This, apparently, is “normal” in the United States: Earlier this week, in the small town of Benton, Kentucky, a high school sophomore walked onto his campus and started shooting, wounding several schoolmates and killing two — Bailey Nicole Holt, who died at the scene, and Preston Ryan Cope, who died after he was transported to a hospital. Americans barely noticed.
It was the 11th school shooting of this year (and this month), according to the New York Times. (Some were suicides; some resulted in no injuries.) As Katherine W. Schweit, a former FBI official and an expert on school shootings, put it: “We have absolutely become numb to these kinds of shootings.”
There is no other country on the planet that tolerates gun violence as we do. We have about 5 percent of the world’s population, but we account for 31 percent of the world’s mass shootings. Between 1966 and 2012, there were 90 mass shootings in the United States, according to University of Alabama professor Adam Lankford, who has published a study about shootings that kill four or more victims. We also rank No. 1 in gun ownership; in a nation of 317 million people, there are about 357 million guns. As Lankford notes, there is a connection between that staggering number of guns and the number of people who die as a result of gun violence.
“For decades, people have wondered if the dark side of American exceptionalism is a cultural propensity for violence,” he wrote, “and in recent years, perhaps no form of violence is seen as more uniquely American than public mass shootings.”
His study did not include the October 2017 horror in Las Vegas, where gunman Stephen Paddock fired into a crowd of unsuspecting concertgoers, killing 58 and injuring countless others. These atrocities, if they are awful enough, capture our attention for a week or so. The Benton shooting hardly induced a raised eyebrow. Such is our capacity for denial, for resignation, for apathy.
Polls show that most Americans favor stricter gun laws, but Congress has failed to pass any. The gun lobby holds Congress hostage, refusing to sanction even the mildest restrictions. The National Rifle Association believes that any man, woman or child should be able to buy his or her own shoulder-fired grenade launcher, and the American public doesn’t care enough to fight against that nonsense. If the 2012 massacre of babies at Sandy Hook Elementary School didn’t change us, what will?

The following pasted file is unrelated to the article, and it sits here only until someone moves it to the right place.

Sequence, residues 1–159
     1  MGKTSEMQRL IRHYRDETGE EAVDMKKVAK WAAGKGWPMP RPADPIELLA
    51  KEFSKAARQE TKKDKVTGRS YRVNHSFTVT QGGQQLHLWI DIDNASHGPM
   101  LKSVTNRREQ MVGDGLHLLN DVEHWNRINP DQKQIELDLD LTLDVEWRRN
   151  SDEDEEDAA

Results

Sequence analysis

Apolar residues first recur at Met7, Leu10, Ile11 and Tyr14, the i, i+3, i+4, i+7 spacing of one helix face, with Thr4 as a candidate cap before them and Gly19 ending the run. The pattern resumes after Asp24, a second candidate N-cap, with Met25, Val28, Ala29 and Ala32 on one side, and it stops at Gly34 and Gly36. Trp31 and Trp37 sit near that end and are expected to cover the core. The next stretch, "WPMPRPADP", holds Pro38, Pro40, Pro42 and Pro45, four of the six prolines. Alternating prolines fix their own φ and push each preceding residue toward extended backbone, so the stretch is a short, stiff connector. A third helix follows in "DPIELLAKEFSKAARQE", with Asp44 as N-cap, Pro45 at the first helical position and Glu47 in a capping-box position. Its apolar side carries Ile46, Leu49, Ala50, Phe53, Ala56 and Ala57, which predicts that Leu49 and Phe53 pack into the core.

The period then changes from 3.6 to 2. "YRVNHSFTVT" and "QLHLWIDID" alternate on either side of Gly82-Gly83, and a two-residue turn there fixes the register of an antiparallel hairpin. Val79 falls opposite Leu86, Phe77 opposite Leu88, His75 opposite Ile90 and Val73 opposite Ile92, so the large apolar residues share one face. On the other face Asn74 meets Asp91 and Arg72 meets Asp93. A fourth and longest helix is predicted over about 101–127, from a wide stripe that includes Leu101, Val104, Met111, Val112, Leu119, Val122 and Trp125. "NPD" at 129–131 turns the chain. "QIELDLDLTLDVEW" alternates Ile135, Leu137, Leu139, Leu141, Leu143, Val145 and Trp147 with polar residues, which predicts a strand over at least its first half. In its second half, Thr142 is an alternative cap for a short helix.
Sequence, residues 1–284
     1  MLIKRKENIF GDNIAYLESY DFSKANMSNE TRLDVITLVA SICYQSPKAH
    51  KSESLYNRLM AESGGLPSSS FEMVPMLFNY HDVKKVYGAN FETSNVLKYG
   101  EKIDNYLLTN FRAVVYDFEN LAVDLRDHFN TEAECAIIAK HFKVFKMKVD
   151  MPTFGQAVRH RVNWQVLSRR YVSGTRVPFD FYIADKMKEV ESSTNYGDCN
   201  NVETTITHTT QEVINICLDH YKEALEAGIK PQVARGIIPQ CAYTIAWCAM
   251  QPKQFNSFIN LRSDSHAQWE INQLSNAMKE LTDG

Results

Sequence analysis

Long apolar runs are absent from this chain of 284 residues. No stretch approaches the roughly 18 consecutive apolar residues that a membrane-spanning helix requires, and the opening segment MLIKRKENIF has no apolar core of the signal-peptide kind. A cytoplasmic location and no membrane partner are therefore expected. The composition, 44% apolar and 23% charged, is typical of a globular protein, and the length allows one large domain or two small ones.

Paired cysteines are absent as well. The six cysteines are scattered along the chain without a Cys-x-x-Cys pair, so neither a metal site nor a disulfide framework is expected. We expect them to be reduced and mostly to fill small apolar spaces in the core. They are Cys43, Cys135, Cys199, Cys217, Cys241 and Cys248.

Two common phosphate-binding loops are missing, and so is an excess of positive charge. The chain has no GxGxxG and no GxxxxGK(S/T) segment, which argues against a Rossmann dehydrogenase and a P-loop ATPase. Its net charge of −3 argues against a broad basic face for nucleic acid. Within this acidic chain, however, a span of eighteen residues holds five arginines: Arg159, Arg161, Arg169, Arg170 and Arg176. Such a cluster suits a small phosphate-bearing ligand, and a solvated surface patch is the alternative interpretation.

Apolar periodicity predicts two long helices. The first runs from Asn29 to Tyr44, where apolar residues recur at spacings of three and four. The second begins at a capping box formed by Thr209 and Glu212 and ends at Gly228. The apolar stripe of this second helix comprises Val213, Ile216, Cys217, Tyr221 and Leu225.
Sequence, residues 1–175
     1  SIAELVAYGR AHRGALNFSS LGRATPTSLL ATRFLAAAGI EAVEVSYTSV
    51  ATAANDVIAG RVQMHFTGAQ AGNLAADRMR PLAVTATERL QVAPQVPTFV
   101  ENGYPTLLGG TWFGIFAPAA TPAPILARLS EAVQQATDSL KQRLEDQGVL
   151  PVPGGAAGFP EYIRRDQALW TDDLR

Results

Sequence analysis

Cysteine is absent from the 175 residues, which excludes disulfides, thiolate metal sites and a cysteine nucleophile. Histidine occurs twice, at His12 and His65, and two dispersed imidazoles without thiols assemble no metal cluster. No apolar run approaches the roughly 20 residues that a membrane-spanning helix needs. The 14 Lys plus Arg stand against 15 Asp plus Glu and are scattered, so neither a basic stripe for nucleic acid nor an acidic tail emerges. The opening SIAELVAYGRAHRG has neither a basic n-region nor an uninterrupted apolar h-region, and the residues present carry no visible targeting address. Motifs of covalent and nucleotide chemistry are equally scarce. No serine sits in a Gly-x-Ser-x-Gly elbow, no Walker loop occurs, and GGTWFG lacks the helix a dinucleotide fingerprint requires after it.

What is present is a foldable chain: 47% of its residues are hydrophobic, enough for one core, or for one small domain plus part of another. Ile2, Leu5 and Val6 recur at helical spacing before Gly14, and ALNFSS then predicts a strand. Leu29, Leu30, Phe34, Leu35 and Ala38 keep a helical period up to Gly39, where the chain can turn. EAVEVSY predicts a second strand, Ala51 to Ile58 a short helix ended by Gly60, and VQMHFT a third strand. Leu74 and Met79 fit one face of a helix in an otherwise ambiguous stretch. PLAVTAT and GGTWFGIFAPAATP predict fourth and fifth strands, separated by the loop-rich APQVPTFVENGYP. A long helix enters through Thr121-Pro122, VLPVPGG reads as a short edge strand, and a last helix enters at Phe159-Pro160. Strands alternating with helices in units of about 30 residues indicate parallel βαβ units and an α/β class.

Some blame our renowned founding document, the U.S. Constitution, which includes a Second Amendment that explicitly states, “A well-regulated militia, being necessary to the security of a free state, the right of the people to keep and bear arms, shall not be infringed.” But you cannot read that sentence and ignore its opening clause, which sets its context.
The amendment was meant to protect a citizens’ militia, such as the National Guard, not individuals. In recent years, federal courts have grossly distorted its meaning. In prior generations, jurists agreed that it did not protect the right of individuals to own any weapon they wanted.
Indeed, much about gun culture has changed since my childhood. I grew up in the Deep South — rural Alabama — with a father who loved hunting and who owned firearms. He was typical of his time and place; he hunted with brothers, brothers-in-law, and friends. But my father was strict about gun safety, and he would not have recognized a culture that allows worshippers strapped with holsters to take their guns into church. An educator, he would have been aghast at a gun lobby that insists that teachers should be able to carry their guns into the classroom.
Some blame our frontier heritage for our fondness for firearms. Yet, Australia has a similar frontier heritage — cowboys, ranches, endless prairies — and that nation got a grip on gun violence. After a mass shooting in 1996 that left 35 people dead, Australia’s then-prime minister, John Howard, pushed through a set of strict gun laws and instituted a gun buyback program. In the years that followed, gun deaths plummeted.
We seem incapable of that sort of rational thinking. We are caught up in a uniquely American form of madness, suffering a sort of paralysis that has normalized the unthinkable.